The Death of a Comet
In memory of Christopher Hitchens
(April 13, 1949-December 15, 2011)
Astronomers predicted the comet
would die inside the sun’s corona.
Satellite instruments prepared
to document it for posterity.
Systems tracked it.
Data was collected.
The closer it got, the more
as the object’s sludgy white tail
began to shed and vanish.
Then something miraculous happened.
The comet, flaring as it dove,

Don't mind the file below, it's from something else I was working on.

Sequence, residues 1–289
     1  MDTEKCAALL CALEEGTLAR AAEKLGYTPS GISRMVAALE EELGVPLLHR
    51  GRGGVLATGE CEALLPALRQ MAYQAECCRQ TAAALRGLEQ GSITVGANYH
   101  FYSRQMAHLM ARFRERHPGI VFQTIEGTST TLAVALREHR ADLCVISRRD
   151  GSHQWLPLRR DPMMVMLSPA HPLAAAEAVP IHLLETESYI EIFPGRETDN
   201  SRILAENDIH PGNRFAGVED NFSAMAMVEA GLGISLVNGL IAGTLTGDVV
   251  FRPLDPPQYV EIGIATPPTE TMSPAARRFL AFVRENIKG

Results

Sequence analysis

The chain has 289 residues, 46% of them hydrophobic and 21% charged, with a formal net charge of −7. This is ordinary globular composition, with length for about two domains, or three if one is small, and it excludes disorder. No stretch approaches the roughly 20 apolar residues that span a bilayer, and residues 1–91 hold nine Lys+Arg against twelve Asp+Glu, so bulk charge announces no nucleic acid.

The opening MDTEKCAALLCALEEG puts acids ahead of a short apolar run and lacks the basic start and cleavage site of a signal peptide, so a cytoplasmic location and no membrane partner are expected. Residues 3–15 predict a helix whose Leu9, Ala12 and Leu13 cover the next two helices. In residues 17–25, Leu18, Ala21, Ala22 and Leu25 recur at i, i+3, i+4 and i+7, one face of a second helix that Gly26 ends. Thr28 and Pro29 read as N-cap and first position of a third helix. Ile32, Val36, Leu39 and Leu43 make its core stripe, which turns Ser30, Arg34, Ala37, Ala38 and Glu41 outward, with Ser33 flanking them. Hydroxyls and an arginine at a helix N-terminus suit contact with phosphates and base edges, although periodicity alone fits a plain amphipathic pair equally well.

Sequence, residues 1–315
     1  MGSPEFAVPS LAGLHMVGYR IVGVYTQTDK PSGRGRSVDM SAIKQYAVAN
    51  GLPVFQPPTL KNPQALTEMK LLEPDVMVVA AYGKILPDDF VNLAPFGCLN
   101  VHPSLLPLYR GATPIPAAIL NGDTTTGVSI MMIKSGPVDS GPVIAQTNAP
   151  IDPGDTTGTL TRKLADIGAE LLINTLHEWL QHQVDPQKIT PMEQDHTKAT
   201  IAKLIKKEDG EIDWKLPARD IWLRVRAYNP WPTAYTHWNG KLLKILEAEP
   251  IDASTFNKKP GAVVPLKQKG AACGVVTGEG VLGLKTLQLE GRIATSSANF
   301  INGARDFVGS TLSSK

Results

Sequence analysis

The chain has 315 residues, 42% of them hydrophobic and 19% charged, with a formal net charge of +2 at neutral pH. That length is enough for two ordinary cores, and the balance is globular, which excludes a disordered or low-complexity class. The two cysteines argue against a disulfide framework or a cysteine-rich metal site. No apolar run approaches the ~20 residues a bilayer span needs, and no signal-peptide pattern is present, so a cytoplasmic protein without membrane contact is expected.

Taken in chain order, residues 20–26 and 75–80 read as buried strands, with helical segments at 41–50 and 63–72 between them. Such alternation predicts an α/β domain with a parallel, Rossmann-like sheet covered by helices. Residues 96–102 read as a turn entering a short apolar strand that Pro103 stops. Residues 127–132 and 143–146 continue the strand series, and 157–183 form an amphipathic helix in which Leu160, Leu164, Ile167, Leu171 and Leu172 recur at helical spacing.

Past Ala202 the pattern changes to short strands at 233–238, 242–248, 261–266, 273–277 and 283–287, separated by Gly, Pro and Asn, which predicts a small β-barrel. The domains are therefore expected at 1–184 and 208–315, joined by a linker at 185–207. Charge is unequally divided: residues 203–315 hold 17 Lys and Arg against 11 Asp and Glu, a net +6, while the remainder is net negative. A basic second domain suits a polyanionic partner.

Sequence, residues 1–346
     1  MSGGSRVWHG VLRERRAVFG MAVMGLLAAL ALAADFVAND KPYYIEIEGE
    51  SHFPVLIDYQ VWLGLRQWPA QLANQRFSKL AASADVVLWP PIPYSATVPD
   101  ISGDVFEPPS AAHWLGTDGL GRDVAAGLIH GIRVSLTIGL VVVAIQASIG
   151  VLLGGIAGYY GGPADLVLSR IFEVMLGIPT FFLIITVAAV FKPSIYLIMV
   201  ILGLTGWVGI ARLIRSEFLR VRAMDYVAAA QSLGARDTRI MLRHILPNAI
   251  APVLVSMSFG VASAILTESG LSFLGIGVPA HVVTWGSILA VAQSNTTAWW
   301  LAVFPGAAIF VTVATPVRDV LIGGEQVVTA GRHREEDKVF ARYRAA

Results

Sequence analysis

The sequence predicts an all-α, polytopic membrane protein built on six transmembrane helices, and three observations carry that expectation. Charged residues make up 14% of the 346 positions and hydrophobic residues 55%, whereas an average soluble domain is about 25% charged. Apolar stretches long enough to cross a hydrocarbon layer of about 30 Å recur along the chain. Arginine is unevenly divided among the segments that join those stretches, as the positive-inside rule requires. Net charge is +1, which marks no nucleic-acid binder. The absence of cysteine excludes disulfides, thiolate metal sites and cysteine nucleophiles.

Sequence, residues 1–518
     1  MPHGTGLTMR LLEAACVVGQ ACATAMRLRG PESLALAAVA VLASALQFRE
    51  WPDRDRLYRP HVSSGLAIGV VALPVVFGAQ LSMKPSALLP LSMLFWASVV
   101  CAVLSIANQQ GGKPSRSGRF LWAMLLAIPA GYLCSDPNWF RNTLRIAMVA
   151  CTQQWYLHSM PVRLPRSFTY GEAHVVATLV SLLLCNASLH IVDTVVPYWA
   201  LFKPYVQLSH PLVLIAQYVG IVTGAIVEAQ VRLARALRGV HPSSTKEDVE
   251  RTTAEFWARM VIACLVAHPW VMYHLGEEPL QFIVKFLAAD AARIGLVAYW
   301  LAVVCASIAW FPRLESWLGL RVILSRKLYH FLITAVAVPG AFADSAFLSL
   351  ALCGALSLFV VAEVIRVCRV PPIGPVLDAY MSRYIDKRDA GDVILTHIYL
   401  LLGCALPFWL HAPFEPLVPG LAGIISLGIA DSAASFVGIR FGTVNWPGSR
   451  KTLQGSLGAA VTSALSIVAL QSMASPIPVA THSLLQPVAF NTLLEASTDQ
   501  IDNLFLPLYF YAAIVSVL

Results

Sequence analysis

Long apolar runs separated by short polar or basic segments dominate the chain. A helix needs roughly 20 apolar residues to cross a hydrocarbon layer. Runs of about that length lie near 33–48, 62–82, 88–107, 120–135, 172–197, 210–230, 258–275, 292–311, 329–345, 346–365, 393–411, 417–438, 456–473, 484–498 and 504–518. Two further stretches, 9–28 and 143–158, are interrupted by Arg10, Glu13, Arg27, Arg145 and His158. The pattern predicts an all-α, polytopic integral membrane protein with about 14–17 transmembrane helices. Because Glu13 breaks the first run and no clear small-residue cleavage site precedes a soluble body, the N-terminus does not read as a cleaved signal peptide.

reemerged an hour later,
almost as bright as before,
and in a matter of days,
its singed tail had all but
grown back again.
And though we may not be as lucky,
I cannot help but think
the best of us are like that comet
defying them all
by plunging straight
into the hottest surface,
and living on.
Clint Margrave is the author of The Early Death of Men, a collection of poems published by NYQ Books. His work has also appeared in The New York Quarterly, Rattle, Cimarron Review, Verse Daily, and Ambit (UK), among others. He lives in Long Beach, CA.